Sacred Startime swansong - Beres cameo a tick on audience's performer wish list
If Saturday night's Final Chapter of Startime was a burial for the 31-year-old concert series, nobody remembered to tell the zinc fence-to-zinc fence, stage front-to-skybox audience at Mas Camp it should mourn. Instead, the approximately six-hour concert was remarkably devoid of regrets and, as Jamaican send-offs for the beloved tend to be, filled with dancing and general merriment up to Sanchez's rendition of Amazing Grace to inscribe the end on Startime in Jamaica at 3:20 a.m. yesterday.
Before that, though, the Startime audience got to tick off a highly requested performer, even if Beres Hammond's cameo during Marcia Griffiths' extended set for their duet Live On was way short of the extended showing that the concert's organiser, Michael Barnett, told The Gleaner fans had been demanding. As tends to happen, when Hammond entered the stage with a smile, smartphones were raised with the cheers, and white lights hovered above the moving mass of bodies as the moment was recorded from multiple audience angles.
Griffiths was one of the many performers to note Startime's end, quipping after doing The First Cut is the Deepest, "For me, this is not my last, this is my beginning." U-Roy, observing the younger generations of music lovers at the National Stadium venue, thanked them for coming out and said, "All a we, we a do this before your parents meet. Me really appreciate the I them come out." There was laughter when the penultimate performer, Leroy Sibbles, played on the pronunciation of 'last' and 'lost' to say, "It no los', it cyaan los'."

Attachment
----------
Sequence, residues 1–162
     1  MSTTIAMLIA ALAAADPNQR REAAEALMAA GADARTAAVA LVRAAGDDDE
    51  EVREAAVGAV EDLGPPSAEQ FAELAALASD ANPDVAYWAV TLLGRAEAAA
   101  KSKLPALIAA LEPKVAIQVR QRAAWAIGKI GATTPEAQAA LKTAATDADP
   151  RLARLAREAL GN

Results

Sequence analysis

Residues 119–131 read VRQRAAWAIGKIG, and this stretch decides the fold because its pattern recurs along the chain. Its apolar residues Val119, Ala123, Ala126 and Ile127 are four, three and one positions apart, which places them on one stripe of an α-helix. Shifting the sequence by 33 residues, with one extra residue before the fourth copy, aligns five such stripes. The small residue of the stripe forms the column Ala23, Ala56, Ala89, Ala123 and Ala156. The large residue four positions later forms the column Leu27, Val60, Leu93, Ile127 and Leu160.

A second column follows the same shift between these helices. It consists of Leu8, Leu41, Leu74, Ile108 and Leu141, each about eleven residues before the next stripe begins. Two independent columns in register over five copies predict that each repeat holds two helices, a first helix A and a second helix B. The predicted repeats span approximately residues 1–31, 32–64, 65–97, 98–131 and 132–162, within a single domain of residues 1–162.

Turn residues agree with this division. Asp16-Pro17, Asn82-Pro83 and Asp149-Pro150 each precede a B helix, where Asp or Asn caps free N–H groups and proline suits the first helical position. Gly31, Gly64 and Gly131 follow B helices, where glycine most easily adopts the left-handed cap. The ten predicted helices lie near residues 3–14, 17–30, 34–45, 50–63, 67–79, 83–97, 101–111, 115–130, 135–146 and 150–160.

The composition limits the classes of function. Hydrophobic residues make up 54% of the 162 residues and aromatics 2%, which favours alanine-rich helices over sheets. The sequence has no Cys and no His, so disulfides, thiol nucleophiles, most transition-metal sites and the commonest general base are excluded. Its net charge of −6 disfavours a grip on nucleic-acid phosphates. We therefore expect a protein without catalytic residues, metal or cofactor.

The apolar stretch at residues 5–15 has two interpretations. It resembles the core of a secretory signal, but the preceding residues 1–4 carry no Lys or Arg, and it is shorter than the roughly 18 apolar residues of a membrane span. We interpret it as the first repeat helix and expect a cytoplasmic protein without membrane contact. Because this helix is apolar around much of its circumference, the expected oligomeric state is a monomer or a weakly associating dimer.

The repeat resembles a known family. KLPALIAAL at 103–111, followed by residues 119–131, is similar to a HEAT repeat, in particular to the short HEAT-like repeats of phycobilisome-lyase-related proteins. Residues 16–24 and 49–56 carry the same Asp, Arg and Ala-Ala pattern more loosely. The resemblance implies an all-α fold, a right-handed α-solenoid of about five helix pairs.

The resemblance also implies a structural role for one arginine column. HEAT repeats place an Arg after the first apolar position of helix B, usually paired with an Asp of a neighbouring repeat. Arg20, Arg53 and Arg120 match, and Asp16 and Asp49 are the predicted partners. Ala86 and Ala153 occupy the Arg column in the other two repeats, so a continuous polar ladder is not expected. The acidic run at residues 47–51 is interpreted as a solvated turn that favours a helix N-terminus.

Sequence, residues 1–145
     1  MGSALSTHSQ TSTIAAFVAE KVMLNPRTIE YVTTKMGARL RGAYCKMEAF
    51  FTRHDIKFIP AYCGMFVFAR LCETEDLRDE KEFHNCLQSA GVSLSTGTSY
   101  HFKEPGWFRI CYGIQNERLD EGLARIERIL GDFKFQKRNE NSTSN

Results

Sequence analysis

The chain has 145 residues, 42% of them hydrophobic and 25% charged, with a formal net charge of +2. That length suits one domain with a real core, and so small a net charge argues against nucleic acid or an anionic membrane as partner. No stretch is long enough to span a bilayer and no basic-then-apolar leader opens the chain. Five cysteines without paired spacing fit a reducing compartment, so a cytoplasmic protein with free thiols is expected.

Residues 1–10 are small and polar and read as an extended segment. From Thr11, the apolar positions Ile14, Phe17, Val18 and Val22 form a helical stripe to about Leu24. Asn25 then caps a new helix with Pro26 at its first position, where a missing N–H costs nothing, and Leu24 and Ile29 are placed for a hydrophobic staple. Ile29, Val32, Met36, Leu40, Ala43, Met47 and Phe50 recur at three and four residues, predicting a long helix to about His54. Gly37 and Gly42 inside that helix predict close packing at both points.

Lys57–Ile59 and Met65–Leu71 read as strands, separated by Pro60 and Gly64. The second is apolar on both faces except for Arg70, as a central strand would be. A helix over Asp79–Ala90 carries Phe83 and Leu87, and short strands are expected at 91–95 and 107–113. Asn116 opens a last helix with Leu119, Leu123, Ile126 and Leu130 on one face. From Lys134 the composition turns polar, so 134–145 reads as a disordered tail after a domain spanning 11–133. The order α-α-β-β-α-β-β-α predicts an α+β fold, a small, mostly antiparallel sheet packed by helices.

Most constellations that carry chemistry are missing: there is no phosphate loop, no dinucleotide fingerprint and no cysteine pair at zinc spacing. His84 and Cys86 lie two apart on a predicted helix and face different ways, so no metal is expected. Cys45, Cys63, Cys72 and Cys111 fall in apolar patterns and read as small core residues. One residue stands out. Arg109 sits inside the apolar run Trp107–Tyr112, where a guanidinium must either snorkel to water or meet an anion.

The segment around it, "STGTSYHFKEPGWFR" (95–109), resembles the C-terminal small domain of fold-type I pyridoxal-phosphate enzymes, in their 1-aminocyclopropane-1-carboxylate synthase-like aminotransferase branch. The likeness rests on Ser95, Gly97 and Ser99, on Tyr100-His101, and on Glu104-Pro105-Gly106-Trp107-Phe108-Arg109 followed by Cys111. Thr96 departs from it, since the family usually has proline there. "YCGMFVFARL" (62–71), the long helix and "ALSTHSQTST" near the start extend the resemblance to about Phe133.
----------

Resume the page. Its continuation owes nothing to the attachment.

The celebration of the moment, rather than despair and demise, was especially striking as the concert's ending had been widely and repeatedly announced, unlike major events such as Reggae Sunsplash (which ended in the late1990s, a 2006 attempt to revise the brand in Ocho Rios, a one-off affair) and Sting, last held in 2015. During the early going of The Final Chapter, MC Tommy Cowan reminded the audience about the event's debut on June 30, 1988, at the Old Spanish Town Bar in the Oceana Hotel, Kingston, with Gregory Isaacs, along with Lloyd Parkes and We The People Band - the latter on the stand for the closing concert. Among the performers at the then monthly series that year were Cynthia Schloss in August and Delroy Wilson in December. Bob Andy, the October 1988 performer, was a guest of Griffiths at The Final Chapter, the two doing Young, Gifted and Black.
If the book theme were to be carried through, Startime's Final Chapter lived up to the pacing of a good novel with quality, from Cornell Campbell's opening, including Queen of the Minstrel, to Boris Gardiner's ballads, including a nod to Johnny Ace, Ernie Smith's humour and romance (an encore was demanded and granted), U-Roy's waking the town and telling the people, and Griffiths' extended run in which she stepped out of Babylon and also paid homage to those who inspired her to bring the concert to a peak.
After a break, the build-up started again with Horace Andy; his guest Half Pint brought Greetings. Leroy Sibbles put on a scorcher, and Sanchez brought the house down repeatedly, a praise-and-worship medley ushering some dancing, singing persons out of Mas Camp before his closing hymn.
"The place cork!" Cowan observed in the early going. Still, there seemed to be some doubt that Startime was really over in Jamaica as when Cowan asked, "Do you believe this is the final show?" there was resounding shout of "no!"